Any claim that Niki de Saint Phalle’s art coalesces with her life is merely a statement of the obvious. The fact that she turned to art resulted from her overwhelming need to come to terms with herself. She didn’t begin painting in order to become an artist; rather, she did it to form an identity. To her, there was nothing self-evident about the idea that art was something else than paintings and sculptures, to be respectfully observed from a distance. The realisation that art might be something else dawned on her gradually, in part as a result of her travels across Europe. She began to understand that art is a kind of life force, which you can involve yourself with as you see fit. Her first works reveal the violence and aggression that was beginning to stir within her. When she invested her energy into a field where her freedom was unbounded, her creative force took on boundless proportions. Art became her way of life; an all-encompassing experience that was simultaneously intellectual, emotional, technical, and practical. Each piece by Niki de Saint Phalle resulted from an existential struggle, in which she was creating the means for her very survival.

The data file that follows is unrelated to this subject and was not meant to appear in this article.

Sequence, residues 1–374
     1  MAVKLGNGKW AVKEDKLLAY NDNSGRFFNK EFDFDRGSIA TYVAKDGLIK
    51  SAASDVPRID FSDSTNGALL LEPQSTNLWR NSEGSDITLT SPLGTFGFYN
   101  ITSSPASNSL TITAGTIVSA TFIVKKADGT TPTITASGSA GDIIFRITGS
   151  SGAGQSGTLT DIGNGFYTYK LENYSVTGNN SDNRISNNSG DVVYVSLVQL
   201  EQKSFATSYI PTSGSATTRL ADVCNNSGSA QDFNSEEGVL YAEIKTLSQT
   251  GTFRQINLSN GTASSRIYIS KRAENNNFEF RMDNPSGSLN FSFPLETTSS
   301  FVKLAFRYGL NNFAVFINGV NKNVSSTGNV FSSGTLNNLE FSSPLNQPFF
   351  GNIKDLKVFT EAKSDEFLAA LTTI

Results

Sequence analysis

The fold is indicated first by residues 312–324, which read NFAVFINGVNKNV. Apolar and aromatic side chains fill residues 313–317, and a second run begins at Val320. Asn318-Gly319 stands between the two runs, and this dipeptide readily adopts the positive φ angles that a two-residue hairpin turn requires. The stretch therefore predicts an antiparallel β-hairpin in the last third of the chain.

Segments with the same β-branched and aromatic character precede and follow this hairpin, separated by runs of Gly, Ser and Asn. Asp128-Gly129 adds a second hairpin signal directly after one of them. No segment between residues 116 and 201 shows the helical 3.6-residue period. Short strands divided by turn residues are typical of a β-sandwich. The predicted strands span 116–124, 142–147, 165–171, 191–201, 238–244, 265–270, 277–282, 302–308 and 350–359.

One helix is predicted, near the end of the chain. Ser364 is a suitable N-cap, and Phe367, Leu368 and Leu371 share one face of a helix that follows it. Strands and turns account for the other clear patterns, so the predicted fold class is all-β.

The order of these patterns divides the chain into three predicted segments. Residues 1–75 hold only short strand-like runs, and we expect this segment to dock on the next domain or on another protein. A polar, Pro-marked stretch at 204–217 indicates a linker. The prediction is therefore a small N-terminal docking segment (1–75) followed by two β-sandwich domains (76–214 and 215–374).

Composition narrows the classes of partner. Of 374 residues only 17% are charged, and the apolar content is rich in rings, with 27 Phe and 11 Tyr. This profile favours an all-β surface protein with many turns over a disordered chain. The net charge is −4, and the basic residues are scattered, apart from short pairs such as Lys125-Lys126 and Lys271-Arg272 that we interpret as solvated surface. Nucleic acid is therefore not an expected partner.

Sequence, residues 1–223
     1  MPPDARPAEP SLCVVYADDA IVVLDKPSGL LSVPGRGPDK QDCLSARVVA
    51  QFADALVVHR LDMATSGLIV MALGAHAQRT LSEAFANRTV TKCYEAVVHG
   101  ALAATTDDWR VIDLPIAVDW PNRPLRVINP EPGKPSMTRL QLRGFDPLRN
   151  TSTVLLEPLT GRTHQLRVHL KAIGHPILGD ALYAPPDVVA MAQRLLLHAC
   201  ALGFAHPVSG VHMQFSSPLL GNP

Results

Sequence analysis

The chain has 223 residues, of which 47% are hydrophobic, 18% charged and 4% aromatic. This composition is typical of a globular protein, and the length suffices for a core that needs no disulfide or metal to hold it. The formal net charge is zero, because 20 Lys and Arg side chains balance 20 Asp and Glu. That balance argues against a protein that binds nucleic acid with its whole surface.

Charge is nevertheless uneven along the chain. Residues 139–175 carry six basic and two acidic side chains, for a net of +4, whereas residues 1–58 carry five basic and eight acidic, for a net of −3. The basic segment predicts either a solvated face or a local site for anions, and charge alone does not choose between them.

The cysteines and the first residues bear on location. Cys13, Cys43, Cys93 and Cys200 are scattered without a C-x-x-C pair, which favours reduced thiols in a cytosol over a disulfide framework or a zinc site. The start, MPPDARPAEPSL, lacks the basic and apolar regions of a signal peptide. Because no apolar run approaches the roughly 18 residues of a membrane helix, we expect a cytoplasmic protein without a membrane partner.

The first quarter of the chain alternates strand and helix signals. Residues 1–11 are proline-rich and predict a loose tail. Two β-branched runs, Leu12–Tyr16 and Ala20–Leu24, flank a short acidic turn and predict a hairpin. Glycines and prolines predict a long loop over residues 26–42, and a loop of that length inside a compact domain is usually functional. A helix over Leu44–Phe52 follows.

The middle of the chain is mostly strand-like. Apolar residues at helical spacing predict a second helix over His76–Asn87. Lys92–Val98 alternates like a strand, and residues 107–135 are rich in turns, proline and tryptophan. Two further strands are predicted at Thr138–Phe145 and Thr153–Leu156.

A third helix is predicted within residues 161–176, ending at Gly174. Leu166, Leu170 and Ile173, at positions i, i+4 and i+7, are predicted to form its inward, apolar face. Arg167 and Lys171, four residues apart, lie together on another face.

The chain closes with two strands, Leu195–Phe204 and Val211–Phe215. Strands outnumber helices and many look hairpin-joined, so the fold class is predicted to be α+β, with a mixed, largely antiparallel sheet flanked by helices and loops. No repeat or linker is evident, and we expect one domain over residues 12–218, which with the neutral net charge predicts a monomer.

From a conversation between Niki de Saint Phalle and Pierre Restany:
“My life began in an asylum. I discovered insanity, and the path to recovery: work.”
“Niki resides in myth with no pretence; she stepped into the world of symbols entirely without artifice: symbols are her reality, and therein lies the infinite wealth of her imagination. This abundance of themes is that of play, of visionary play, which is the world’s essence, and also its poetry. Niki demonstrated to us that human culture was born out of play.”
On shooting: “Some ideas provoke emotions. My ‘shooting’ was an emotion that evoked an idea. Thus, my rage was expressed through a victimless death ritual.”
“Shooting can be play as practice. Play produces the artwork, the kind of play that adapts to reality in order to make it theatrical, or turn it into an idea, a metamorphosis. When Niki shoots, she is adapting to reality through this fundamental gesture; a gesture which gives rise to a language, but also to a stage.”
“I have never shot at God. I feel a great sense of resistance and a powerful attraction. I shoot at the church. I exalt the cathedral.”